Tag Archives: tolerance

Do you want to be right OR do you want to be happy?

Last week, I was sure that my daughter, Kirstin, told me a lie.  What she told me seemed very unlikely and I chewed her out for telling me a story. It wasn’t until several days later that I found out what she told me was not a lie at all.

Having to apologize is a very humbling experience. But Kirstin’s attitude through the whole thing made it even more humbling. When I called her a liar, she didn’t argue with me. She didn’t defend what she did or make excuses. In fact, she apologized. When it was my turn to say I was sorry, she was gracious and immediately forgiving. I spent some time thinking about this and it occurred to me that Kirstin was more concerned about my feelings than she was about being right.

I have often heard Dr. Phil ask a guest, “Do you want to be right or do you want to be happy?” Of course, everyone says they want to be happy, but they continue defending what they have been doing. “How is that working for you?” is the next question Dr. Phil asks. And of course they admit that it isn’t working.

This makes me wonder why most of us seem to keep doing what we have always done and getting the results we always get, even when it isn’t working. I think I’m going to take a lesson from Kirstin and not worry so much about being right. Instead, I choose to be happy.

I’m hooked on the television series The Good Doctor. Dr. Shaun Murphy is a surgeon who has autism. In nearly every episode his “out of the box” thinking solves a problem that no one else can. Now there is a new chief surgeon who sees Dr. Murphy’s weaknesses more than his strengths and moved him from surgery to work in pathology. He is an excellent pathologist, but he wants to be a surgeon. Reluctantly, he goes to his new position and tries to make the best of it, but he can’t let go of the need to be a surgeon.

The previews for this week’s episode show the surgeons calling for Dr. Murphy to help with a problem in the operating room. I’m excited to see if the chief surgeon will re-evaluate his position and recognize Dr. Murphy’s special gifts.  Will he admit that he was wrong?

We hear a lot of talk about diversity, tolerance and acceptance, but often we fall short when it comes to putting those beliefs into action. We have a lot to learn from those among us who see the world just a little differently.

Our Children: Our Legacy of Hope

meetamaker_hailey-fortTo say that our children are our future sounds trite and obvious. Nevertheless, they are the ones who will someday be making the decisions that will shape the course of future events. Kids today are often portrayed as spoiled, entitled and lazy–more interested in communicating on social media than interacting with the world around them.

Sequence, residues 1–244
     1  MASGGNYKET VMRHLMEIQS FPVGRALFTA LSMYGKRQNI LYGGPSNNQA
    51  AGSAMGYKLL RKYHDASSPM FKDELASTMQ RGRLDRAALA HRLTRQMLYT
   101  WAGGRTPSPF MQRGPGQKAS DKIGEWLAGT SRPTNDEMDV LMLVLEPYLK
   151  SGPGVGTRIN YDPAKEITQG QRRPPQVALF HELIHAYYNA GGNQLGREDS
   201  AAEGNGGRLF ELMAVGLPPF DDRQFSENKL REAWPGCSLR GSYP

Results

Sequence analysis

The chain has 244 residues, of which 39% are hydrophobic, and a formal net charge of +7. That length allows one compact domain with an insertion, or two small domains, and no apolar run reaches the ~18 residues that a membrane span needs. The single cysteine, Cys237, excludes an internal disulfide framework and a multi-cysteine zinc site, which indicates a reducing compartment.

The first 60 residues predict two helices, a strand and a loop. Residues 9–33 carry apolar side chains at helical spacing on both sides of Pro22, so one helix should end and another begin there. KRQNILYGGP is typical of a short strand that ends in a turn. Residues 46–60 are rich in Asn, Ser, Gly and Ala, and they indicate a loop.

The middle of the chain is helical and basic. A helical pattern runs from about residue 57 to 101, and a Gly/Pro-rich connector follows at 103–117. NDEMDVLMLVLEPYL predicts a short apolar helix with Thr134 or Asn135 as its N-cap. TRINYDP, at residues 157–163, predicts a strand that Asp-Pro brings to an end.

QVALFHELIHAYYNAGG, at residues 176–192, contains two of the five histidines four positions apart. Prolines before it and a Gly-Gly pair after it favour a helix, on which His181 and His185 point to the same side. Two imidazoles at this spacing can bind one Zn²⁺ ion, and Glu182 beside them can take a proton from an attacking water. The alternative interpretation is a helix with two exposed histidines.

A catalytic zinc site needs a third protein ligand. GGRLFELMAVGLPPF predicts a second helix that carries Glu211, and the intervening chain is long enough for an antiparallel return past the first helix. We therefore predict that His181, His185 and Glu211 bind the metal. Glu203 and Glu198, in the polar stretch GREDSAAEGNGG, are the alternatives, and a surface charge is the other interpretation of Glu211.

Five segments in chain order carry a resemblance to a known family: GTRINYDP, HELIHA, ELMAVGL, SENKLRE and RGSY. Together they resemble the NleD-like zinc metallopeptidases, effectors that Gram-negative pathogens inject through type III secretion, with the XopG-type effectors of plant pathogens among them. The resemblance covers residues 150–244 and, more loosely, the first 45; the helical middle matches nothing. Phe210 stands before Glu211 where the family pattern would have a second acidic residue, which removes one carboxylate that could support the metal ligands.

I’m sure that is true of some young people today, as it has been true of every generation that has gone before them. Unfortunately, we are more often exposed to the negative than the positive.  With that in mind, I would like to make a case for the optimistic future I see ahead of us.

I believe children today are more tolerant of individual differences. When I was growing up, we were sheltered from anyone who was different. People with mental, emotional and even physical disabilities were hidden away. Now we embrace and celebrate those who have special challenges to overcome. They are our heroes–not something strange to be feared. Our kids have been raised in that atmosphere.  Not only are they tolerant, they are reaching out to help where they see a need.  When Hailey met a homeless man in her community she decided to build him a little home. With only minimal help from her family (mostly in the form of advice) she build a house with windows, insulation and solar panels. That would be quite an accomplishment for someone of any age, but Hailey is only nine years old. It would have been so easy for her to say, “When I grow up, I want to help the homeless.” But Hailey didn’t wait until she was grown up. She saw a need and went to work doing something about it.

An eleven-year-old named Lily watched her grandfather who has Parkinson’s disease struggle with drinking from a regular cup. She could have very kindly helped him hold the cup–which I’m sure she did. But Lily set to work inventing a cup with legs her grandfather could grasp, enabling him to hold the cup himself.

Unlike earlier generations who had massive sets of encyclopedias, kids today have grown up with technology that allows them to instantly find an answer to any question they might have. They have not only embraced such technology but expect it as part of their daily lives. What will they do when they have questions that cannot be answered yet? I believe they will search for the answers until they find them. They will go on to answer the questions that we have been unable to answer–What causes the common cold? Why can’t we feed everyone in the world?  How can we prevent the spread of disease?

As a Baby Boomer, I have grown up knowing that I was part of a generation that was so large the world had to sit up and take notice of us.  The Millennials are another huge generation. Their impact will be felt around the world. I have no doubt they will be equal to the task ahead.